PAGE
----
Sincerely,
Silence Dogood

Behind the H8-ball said...

A fascinating piece of prescience here from 1959:

"Should Hate Be Outlawed?"

http://www.fatherfeeney.org/point/59-jan.html

Anonymous said...

Soren Kierkegaard made his early career writing letters to the editor. Most of Plato's texts are written with literary characters include a fictionalized Socrates. So what?

Most thoughtful people are pretty plain and boring on the outside.

People who can't distinguish truth from nonsense or fiction on its own merits are people who don't deserve the truth. Of course, most people would believe the sky was green and the grass blue if the president of Harvard or the talking head on the television tells them so. And if a hobo on the street says the grass is green and the sky is blue, then the same people would never believe it. Such is human nature.

The only argument most people accept is the argument from authority. Problem is, positions of authority attract people who care everything about power and little about truth.

tommy said...

A tip for pseudonymous bloggers:

Change your email settings to always display incoming email as plain text. Your IP can be tracked by merely opening a "dynamic" email. You don't even have to open an attachment or reply. If people want to send you pictures and the like, then have them send it as an attachment and don't open it unless you know and trust the individual. I should know, I've assisted in tracking down the identities of bloggers this way in the past (in association with other ruses -- you can't identify someone by an IP alone in most cases). ;-)

Better yet, follow the examples of Udolpho and LGF and have people email you through a text box on the blog itself.

By the way, one of my own favorite tricks for obtaining the IP of someone who doesn't reply to emails and who doesn't accept dynamic email is to send two emails using different email addresses, each containing a link to blogs I've just created on Blogger/Blogspot. I'll claim in the email that the associated links are posts criticizing the blogger. The blogger will then almost always proceed to the links. I will have set up an IP tracker on each blog and since the blogs are new and will have hardly any traffic, any duplicate IP address must be from the person in question. Be careful.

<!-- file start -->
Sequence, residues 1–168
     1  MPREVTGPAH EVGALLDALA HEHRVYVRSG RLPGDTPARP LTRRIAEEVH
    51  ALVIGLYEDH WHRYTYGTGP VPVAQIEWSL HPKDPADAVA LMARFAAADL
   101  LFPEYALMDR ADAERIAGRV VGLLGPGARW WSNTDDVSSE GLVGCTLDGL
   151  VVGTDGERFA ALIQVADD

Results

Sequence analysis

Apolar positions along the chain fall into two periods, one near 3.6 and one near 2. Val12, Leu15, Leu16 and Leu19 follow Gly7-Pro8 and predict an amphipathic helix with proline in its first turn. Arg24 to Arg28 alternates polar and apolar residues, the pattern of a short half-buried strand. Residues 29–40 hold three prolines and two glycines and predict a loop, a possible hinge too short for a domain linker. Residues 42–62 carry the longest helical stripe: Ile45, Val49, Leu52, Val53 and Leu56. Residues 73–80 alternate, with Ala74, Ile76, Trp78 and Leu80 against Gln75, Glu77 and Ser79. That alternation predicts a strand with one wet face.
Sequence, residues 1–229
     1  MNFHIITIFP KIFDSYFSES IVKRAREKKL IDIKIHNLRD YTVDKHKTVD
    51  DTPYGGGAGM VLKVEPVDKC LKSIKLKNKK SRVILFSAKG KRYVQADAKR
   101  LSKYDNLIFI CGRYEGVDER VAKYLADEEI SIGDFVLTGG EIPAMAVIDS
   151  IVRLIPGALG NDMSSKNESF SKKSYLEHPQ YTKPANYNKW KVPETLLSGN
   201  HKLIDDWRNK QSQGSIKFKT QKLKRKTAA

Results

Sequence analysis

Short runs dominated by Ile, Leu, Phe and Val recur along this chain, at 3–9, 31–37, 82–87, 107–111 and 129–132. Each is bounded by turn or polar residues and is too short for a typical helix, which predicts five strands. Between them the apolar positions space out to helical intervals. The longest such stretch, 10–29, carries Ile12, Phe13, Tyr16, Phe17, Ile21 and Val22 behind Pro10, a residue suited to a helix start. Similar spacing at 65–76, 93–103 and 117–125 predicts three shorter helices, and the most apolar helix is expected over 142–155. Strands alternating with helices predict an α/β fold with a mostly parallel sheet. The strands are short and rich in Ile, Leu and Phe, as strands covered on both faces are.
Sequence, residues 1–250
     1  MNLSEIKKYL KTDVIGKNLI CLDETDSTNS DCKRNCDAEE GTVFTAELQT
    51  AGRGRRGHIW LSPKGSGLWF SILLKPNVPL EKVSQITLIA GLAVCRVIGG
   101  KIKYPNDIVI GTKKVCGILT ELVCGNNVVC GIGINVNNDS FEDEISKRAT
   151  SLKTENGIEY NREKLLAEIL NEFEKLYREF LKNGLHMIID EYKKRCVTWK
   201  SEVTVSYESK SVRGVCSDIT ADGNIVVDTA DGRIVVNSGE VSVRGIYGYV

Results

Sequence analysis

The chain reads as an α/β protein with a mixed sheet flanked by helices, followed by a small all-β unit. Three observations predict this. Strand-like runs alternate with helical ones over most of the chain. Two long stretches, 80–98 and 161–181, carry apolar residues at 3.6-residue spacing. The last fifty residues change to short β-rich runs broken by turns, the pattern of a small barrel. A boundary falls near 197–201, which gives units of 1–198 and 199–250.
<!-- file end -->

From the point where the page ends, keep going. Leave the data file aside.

billswift said...

I simply don't say anything I don't believe. If someone wants to take offence that's their problem.

See http://imgs.xkcd.com/comics/dreams.png

If someone wants to track you down through the Web, it can be done without too much trouble, no matter what name you use.

master_of_americans said...

The point of "who is the War Nerd?" isn't "give me his real name and home address" but "is this a character invented someone already known to me" (e.g. Ames, Dolan, etc.). If the truth is that he is someone otherwise completely obscure who has a life roughly as described, the exact details of his identity are of no importance. Who cares if his name is Chuck or Steve or whatever?

ben tillman said...

My favorite would be ELVIS EASTER.

That *is* good, but does it beat the real name of that 1970's Oklahoma running back, Elvis Peacock? I see it as almost a dead heat.

Danindc said...

Just to let you guys know- I am Dan Rather.

Steve Sailer said...

Elvis Peacock's fellow running back on that team was named Horace Ivory.

Steve Sailer said...

Peacock and Ivory in the same backfield always reminded me of John Masefield's famous poem "Cargoes," which begins:

Quinquireme of Nineveh from distant Ophir,
Rowing home to haven in sunny Palestine,
With a cargo of ivory,
And apes and peacocks,
Sandalwood, cedarwood, and sweet white wine.

Danindc said...

Oh great topic Big 8 running back names- so good. How about Jarvis Redwine and IM Hipp- it does not get any better than that.

Anonymous said...

GMail blocks images in HTML email unless you click on a button to show images. But it's still good advice not to accept HTML email. One trick I've used is to put up provocative statements about that blogger in multiple blogs I know the person reads, with a commenter "homepage" that goes to a URL I own. Usually after a bit of http log cross-referencing, I've got an IP address and a good idea of where they're physically located, and that whittles down the list of people considerably, if you have a hunch who it might be. Best way to prevent this: HTTP proxies, or AOL. Or just don't be overly curious about what online douchebags think of you.

I had an extreme hard-right blogger threaten physical harm to me if he ever found me (a ridiculous overreaction to my comment on his blog,) so I decided to find out who he was first. I was able to find his name, address, phone number and place of employment in just a few days. He would have been in serious trouble if I was as big of a badass as he was pretending to be.

travis said...

Josh, I wasn't a huge fan of Buckley, but I wouldn't call him a crackpot.

I'm willing to bet Steve is referring to Lyndon LaRouche. Spengler worships at the alter of (dis)"Honest" Abe, which is a dead giveaway.

Tony said...

Off hand, my guess would be that War Nerd is Greg, based on an interview Greg gave where he was talking about military stuff in detail.

Anonymous said...

Tony, thats great. But who is Greg?

American Goy said...

"Indeed, I advise anyone thinking of becoming a regular opinionator to strongly consider picking a pseudonym and sticking with it."

Way ahead of yah, pardner!

roarin1 said...

....'the guilty flee when no man pursueth.' (the Christian Bible.)

Obviously, one must first be a 'man' to pursue.